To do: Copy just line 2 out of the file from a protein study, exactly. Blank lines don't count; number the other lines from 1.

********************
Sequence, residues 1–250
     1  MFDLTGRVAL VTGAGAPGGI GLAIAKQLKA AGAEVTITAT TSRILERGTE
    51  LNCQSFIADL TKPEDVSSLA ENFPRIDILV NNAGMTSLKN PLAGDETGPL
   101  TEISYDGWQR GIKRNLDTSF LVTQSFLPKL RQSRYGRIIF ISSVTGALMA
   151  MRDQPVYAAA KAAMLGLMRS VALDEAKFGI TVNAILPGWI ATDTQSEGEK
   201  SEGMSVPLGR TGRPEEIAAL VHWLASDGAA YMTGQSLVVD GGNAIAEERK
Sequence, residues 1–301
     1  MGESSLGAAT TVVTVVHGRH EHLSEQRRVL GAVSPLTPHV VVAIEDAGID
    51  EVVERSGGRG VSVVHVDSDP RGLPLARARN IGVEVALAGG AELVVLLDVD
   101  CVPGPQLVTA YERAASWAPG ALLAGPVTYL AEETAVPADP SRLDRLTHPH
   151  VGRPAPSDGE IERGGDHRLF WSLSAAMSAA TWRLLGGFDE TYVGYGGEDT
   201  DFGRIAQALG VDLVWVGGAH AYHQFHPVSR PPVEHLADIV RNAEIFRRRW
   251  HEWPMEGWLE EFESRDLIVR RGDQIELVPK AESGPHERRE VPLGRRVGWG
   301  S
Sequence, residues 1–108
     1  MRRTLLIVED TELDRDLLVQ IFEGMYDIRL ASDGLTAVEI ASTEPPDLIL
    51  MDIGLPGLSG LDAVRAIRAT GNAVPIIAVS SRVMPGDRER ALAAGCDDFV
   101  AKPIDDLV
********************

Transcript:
     1  MFDLTGRVAL VTGAGAPGGI GLAIAKQLKA AGAEVTITAT TSRILERGTE